FCC Upholds Foreign-Langauge Fine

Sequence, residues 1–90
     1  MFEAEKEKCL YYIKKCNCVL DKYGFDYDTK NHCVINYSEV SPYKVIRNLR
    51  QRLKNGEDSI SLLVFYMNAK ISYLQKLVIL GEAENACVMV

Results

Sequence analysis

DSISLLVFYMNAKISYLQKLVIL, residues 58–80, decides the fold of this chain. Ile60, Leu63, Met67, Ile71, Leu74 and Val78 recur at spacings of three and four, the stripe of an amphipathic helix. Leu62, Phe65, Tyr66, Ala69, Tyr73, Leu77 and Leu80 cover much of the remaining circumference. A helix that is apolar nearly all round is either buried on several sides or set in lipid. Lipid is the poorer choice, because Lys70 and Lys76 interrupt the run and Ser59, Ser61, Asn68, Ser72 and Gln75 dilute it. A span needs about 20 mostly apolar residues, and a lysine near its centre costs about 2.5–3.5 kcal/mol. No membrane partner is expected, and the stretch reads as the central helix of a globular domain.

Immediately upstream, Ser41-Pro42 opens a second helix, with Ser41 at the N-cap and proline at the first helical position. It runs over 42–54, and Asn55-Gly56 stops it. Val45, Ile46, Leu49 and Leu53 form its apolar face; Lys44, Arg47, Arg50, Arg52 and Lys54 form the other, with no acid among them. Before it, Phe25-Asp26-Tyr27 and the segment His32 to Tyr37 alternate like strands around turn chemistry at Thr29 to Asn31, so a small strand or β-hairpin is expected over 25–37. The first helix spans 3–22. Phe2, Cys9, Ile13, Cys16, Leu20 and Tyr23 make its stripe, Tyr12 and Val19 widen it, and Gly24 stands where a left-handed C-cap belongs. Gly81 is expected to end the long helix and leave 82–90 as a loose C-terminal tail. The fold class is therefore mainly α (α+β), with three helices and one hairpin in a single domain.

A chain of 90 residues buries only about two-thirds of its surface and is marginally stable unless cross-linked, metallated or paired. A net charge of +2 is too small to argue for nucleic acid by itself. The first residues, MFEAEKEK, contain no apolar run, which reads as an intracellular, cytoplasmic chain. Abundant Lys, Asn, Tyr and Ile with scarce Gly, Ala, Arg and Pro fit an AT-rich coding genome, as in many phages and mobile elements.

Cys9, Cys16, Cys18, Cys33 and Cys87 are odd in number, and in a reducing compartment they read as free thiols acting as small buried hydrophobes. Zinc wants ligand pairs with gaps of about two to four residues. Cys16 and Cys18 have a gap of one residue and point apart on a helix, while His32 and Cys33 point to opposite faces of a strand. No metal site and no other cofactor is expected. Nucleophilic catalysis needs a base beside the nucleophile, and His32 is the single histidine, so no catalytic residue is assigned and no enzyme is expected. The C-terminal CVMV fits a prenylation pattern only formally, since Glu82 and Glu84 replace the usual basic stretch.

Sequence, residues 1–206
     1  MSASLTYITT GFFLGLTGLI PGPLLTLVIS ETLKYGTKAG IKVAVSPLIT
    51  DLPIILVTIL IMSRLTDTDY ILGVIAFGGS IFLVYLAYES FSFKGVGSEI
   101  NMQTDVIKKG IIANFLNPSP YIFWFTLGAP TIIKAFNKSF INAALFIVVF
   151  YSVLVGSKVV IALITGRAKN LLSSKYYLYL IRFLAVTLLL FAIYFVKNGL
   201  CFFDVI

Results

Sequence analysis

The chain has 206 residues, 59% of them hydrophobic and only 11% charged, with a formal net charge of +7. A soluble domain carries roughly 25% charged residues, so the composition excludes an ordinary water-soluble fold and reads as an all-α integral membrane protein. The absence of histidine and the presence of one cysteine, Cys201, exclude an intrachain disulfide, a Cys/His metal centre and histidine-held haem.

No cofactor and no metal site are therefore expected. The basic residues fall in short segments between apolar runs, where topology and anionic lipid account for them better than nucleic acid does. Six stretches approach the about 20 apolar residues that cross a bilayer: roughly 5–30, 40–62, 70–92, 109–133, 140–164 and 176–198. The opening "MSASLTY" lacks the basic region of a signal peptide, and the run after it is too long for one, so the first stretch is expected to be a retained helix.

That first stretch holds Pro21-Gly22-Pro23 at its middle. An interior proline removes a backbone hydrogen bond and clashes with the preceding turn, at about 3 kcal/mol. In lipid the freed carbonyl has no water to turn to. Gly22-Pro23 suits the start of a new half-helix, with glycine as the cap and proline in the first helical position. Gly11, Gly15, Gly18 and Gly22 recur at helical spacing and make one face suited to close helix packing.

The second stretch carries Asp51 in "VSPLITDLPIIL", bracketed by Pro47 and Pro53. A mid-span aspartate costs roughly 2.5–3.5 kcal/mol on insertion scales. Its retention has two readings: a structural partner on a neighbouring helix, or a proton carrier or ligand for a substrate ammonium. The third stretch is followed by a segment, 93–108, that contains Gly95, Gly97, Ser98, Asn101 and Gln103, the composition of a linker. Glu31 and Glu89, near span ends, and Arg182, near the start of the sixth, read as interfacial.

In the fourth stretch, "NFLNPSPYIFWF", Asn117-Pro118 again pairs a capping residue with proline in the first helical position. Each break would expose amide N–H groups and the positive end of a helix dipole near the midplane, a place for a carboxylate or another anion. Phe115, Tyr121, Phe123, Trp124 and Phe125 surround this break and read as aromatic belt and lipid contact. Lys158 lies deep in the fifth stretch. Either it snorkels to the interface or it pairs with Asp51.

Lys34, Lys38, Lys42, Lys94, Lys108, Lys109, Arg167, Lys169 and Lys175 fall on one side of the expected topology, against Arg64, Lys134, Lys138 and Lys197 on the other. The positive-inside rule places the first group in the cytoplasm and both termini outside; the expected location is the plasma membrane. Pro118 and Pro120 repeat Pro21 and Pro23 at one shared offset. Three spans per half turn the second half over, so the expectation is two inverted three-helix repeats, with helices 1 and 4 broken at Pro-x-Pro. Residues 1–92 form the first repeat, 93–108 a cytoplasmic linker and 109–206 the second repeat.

The FCC says strict underwriting rules for noncommercial stations do not discriminate against foreign language outlets. The commission Thursday upheld a $10,000 fine against KMTP-TV, a foreign language noncommercial station in San Francisco, for airing ads for State Farm, Met Life, and several local retailers. The fine was first proposed by the Enforcement Bureau in 2002. KMTP’s owner, Minority Television Project, has been appealing the ruling since, first at the bureau level and then to the full commission. The violations occurred a whopping 1,900 times between June 1999 and 2002 and drew complaints from the local AT&T cable franchise and KTSF(TV), a local commercial station. Noncommercial stations are permitted to identify underwriters with on-air acknowledgments but may not promote contributors' products and services. One KMTP announcement, for instance, promoted a frequent flier mileage plan for an Asiana Airlines and described the carrier as 'the best airline in the world.'  KMTP defended most of the announcements on the grounds that creating 'value-neutral' acknowledgments is a 'daunting challenge' when the languages at issue -- Vietnamese, Mandarin, Filipino and Korean -- do not always 'yield precise cross-cultural verbal equivalencies in English.' KMTP also disagreed with translations of the announcements provided by the complainants. But the FCC found KMTP's own translations exceeded permissible boundaries and dismissed the station’s argument that strict underwriting rules discriminated against foreign language stations.